Binding of cholera toxin to ganglioside receptors of enterocyte microvilli catalyzes the activation of adenylate cyclase causing a rise in cAMP which final result is a copious diarrhea. Saccharomyces boulardii, a nonpathogenic yeast has been used to prevent diarrhea. Although the antidiarrheic properties of S. boulardii are widely recognized, this yeast has been used on empirical basis, and the mechanism of this protective effect is unknown. The addition of cholera toxin to S. boulardii induces the raising of cAMP that triggers the activation of neutral trehalase. This suggests that toxin specifically binding to cells, is internalized and active the protein phosphorylation cascade. Our objective is labeling the cholera toxin to verify the presence of binding sites on yeast cell surfaces for the cholera toxin. Cholera toxin was radiolabelled with Na 125 I by a chloramine-T method modified from Cuatrecasas and Griffiths et alii. The 125 I-Cholera toxin showed a specific radioactivity at about 1000 cpm/fmol toxin. Biological activity of labeled cholera toxin measured by trehalase activation was similar to the native toxin. (author)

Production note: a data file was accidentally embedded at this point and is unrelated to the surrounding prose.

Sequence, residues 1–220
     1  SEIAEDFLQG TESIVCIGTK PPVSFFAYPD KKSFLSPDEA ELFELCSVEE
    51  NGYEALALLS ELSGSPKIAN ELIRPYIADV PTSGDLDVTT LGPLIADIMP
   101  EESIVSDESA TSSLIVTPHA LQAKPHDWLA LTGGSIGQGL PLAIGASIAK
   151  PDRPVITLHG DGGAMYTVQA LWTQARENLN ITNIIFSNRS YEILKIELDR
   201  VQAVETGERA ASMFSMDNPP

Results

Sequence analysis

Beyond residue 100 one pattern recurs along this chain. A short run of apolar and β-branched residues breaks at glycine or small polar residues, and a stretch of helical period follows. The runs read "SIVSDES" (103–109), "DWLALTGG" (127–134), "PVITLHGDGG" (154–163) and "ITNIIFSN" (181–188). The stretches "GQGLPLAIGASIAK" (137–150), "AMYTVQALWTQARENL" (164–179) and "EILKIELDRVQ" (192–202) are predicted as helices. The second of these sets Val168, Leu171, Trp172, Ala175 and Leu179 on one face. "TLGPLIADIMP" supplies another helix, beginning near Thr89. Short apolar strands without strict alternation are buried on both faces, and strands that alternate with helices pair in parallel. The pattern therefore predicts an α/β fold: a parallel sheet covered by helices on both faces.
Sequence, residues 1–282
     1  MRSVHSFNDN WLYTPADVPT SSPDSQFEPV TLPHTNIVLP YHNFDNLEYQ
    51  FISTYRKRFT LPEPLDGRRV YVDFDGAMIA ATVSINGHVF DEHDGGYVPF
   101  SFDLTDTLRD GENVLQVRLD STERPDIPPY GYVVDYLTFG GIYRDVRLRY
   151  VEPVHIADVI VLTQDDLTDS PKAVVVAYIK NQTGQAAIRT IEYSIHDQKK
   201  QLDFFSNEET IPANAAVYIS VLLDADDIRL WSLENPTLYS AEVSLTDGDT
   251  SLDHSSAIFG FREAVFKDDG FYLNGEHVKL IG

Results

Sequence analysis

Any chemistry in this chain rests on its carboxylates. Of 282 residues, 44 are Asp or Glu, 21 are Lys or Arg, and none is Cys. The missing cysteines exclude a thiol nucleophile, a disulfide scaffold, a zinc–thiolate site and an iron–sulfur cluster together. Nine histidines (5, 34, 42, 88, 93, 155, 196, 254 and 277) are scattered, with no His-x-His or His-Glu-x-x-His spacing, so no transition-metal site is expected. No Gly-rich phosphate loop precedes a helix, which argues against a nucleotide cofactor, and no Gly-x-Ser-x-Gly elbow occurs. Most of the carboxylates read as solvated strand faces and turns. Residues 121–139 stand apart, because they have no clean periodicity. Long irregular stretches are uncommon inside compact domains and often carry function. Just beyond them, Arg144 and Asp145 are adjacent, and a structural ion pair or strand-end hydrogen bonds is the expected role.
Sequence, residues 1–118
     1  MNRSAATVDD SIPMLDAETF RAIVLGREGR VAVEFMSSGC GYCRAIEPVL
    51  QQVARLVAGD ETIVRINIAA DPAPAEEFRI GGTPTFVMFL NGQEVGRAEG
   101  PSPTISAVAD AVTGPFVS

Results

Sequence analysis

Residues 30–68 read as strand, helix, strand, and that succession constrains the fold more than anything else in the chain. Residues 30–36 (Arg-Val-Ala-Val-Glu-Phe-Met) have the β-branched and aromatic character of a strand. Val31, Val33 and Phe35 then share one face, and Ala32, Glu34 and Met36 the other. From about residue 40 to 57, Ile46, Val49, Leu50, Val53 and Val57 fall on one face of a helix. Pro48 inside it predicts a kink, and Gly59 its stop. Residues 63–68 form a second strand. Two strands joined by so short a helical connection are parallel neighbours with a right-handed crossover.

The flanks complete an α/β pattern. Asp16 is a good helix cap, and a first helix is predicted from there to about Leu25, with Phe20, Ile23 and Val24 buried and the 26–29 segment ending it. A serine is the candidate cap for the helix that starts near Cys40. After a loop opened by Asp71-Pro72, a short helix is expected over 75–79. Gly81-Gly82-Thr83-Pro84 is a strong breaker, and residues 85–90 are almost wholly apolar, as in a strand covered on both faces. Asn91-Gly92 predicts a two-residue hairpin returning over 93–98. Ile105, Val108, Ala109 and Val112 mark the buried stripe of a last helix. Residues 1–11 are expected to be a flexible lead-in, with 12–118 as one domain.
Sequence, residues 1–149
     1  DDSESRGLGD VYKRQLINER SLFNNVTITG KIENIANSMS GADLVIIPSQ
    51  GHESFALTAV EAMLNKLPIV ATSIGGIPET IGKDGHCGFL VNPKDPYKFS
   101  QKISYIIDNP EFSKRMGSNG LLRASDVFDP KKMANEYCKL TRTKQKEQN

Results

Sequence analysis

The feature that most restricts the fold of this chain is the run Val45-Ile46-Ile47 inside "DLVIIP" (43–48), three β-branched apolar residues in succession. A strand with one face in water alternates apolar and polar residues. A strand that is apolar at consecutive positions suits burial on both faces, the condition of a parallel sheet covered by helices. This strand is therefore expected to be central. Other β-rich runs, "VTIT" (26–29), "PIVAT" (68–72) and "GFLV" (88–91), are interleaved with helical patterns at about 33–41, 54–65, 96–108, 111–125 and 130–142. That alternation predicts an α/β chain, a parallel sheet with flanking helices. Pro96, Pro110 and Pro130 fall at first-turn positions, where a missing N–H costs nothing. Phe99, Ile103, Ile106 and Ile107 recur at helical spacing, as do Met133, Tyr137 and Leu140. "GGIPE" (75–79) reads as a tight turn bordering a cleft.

20. Scorpion-related cardiomyopathy and acute pulmonary edema in a child who is stung by Leiurus abdullahbayrami

    Directory of Open Access Journals (Sweden)

    Mehmet Dokur

    2017-09-01

    Full Text Available Venom of Leiurus abdullahbayrami (Scorpiones: Buthidae is an extremely toxic one and it stimulates voltage-gated sodium and potassium channels. In case of a stung by this scorpion; excessive catecholamine release occur and it impairs left ventricle contractility and consequently a heart failure occurs (scorpion sting-related cardiomyopathy. In addition to this cardiac-induced acute pulmonary, edema may occur in severe cases too. An 11-year-old male child who was stung by a scorpion (species: Leiurus abdullahbayrami consulted to the Emergency Room. Even after 7 h of scorpion envenomation he was confused and having hallucinations. Besides he was dyspneic, tachycardic, hypotensive and got worse in overall situation due to cardiogenic pulmonary edema. These clinical findings are concordant with the Level III scorpion envenomation (major systemic manifestations. Positive inotropic agents, diuretics and antiagregant agents used on supportive therapy in his treatment. After 2 weeks he get recovered and discharged from the pediatric intensive care unit. This research is conducted by thinking emergency physicians should learn that Leiurus abdullahbayrami envenomation can cause scorpion-related cardiomyopathy and acute pulmonary edema especially in children. Keywords: Leiurus, Scorpionism, Cardiomyopathy, Pulmonary edema